Watch your back.
What’s that over there?

A wood pigeon crashes out of a bush right by our heads and we both almost throw our torches in the air with fright.
Shitting hell.
Let’s wait for the police.

We head back to the ambulance.
The radio rumbles.

The patient says he can see your lights.
And then: He’s up a tree.

Back in the ambulance we hit the central locking button. I have a sick feeling that someone has climbed into the back of the vehicle, so I have to unlock the doors and go out to check. The thunk of the locks re-engaging as I climb back into the cab again is as beautiful a sound as I’ve heard all night.
Another update.
The patient says he is going to hang himself.
I wind down my window and lean out with the torch.
What’s that? Is that something?
A branch. It just looks like something.
This is ridiculous.
I bet he’s not even in the park.

Frank tells Control he’s going to give a blast of the sirens to see if they can hear them on the patient’s phone.
No. Nothing. I think you can probably stand down, guys. We need to do a bit more exploratory work on this one.
Good – because we’ve done more than enough.

He makes a swift three-point turn, and the headlights sweep ahead of us through the empty park.

Monday, September 20, 2010

by the book

‘She’s taken all the meds in my bag,’ says Paula, standing quietly in the junked-up hallway, her features restrained and pale. ‘She’s upstairs with Jake. Neither of them should be here. I’m not supposed to have anyone else.’
Frank steps into the kitchen to retrieve the tablet packets, whilst Paula leads me up the steep staircase, dragging her feet slightly, like a depressed estate agent showing the worst house on the list; on the landing, she nods to the banister rail that guards against the drop.
‘She hanged herself from that a couple of weeks ago.’
When we push the bedroom door open a little more, Jake straightens up from where he has been hunched over the bed.
‘Treat her well,’ he says, ‘Or I’ll be angry.’
‘Of course we’ll treat her well,’ I say. ‘If we didn’t, you’d have every right.’
‘Just bear it in mind,’ he says, and shuffles a little further down the bed.
Eva is hiding under the duvet.
‘I can’t believe you called the ambulance,’ she cries. ‘Why did you call the ambulance?’
‘Because you’ve taken all my tablets,’ says Paula, in the same, measured tone. ‘You need help.’
‘I just want to die. Why can’t I just be left alone to die?’
Jake leans back in to hug her through the covers – It’s okay, babe. Nothing’s happening, babe - smothering her with platitudes whilst throwing glances at us over his shoulder that are much more to the point.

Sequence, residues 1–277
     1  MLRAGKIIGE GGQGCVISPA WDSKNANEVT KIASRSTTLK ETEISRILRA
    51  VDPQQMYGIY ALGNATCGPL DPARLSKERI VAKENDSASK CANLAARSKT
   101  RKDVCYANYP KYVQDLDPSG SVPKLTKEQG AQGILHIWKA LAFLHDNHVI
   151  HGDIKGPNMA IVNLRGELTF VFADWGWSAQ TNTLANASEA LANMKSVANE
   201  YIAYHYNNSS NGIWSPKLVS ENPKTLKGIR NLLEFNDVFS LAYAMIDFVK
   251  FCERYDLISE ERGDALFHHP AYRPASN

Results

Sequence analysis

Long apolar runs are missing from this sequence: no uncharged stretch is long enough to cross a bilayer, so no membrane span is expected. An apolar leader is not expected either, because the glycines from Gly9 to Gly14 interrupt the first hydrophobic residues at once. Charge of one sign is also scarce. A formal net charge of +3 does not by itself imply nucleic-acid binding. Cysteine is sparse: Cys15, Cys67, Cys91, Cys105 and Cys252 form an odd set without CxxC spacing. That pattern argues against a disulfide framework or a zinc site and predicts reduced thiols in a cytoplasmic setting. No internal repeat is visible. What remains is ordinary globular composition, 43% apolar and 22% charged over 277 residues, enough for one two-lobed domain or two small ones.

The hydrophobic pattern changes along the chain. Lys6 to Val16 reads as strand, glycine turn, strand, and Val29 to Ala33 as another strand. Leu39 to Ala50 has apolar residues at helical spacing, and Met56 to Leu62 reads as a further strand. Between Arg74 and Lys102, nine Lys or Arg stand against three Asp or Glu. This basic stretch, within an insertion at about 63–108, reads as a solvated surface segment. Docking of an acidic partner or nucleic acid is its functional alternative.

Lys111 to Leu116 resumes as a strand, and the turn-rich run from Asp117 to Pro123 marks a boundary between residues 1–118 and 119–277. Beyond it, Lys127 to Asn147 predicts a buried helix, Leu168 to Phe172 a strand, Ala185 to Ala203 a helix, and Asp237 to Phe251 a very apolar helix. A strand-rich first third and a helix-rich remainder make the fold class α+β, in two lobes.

‘Jake? I’m sorry but - are you a relative?’
Eva snatches the duvet cover aside. Her young face is plump with crying, her long black hair in tangles around her face. ‘He’s a friend, okay? I love you, Jake. I’m not going anywhere without you, Jake. Or you, Paula. Or Gary. Where’s Gary?’
‘Who’s Gary?’
Paula folds her arms.
‘Gary’s downstairs,’ she says.
For a moment I worry about Frank who’s still down in the kitchen, but he appears round the door at that moment clutching a fistful of packets.
‘Gary’s all right,’ he says.
‘We’ll sort out who’s coming in a minute, Eva. For now, we just need to figure out exactly what you’ve taken.’
‘I haven’t taken anything.’
‘Well we’ve got a difference of opinion there. Eva reckons you’ve taken all these tablets,’ I say, showing her the packets that Frank hands to me. Jake stands up.
‘I was with her the whole time. We had a few drinks. She had a couple of Diazepam. Or those pink ones. That’s it. I don’t know what she’s talking about.’
‘You do need to come with us, Eva’ I say. ‘I can’t say if you have or haven’t taken these tablets. But from our point of view we can’t take the chance. We couldn’t possibly just leave you here wondering if you’d taken such a big overdose. This is dangerous stuff.’
‘I just want to die.’
‘So let’s go to hospital and get things sorted.’
‘I’ll come with you,’ says Paula. ‘I’m the only sober one here.’
‘Jake and Gary could come up later. I’m afraid we’ve only got room for one person to come in the back.’
Amazingly Jake seems to accept this, but I make sure he goes down the stairs ahead of me, just in case. By the front door he meets up with Gary – a stooped, bearded young guy with scabbed knuckles and a sideways manner – and the two of them share a cigarette as we get ready to go.
At the bottom of the stairs Eva stops and suddenly pulls her t-shirt off over her head, exposing her breasts.
‘Eva – cover yourself up, please. We’re going outside to the ambulance.’
‘But I’m hot. I’m burning up.’
‘You need to keep your top on though.’
Paula helps her back into the t-shirt and we carry on out.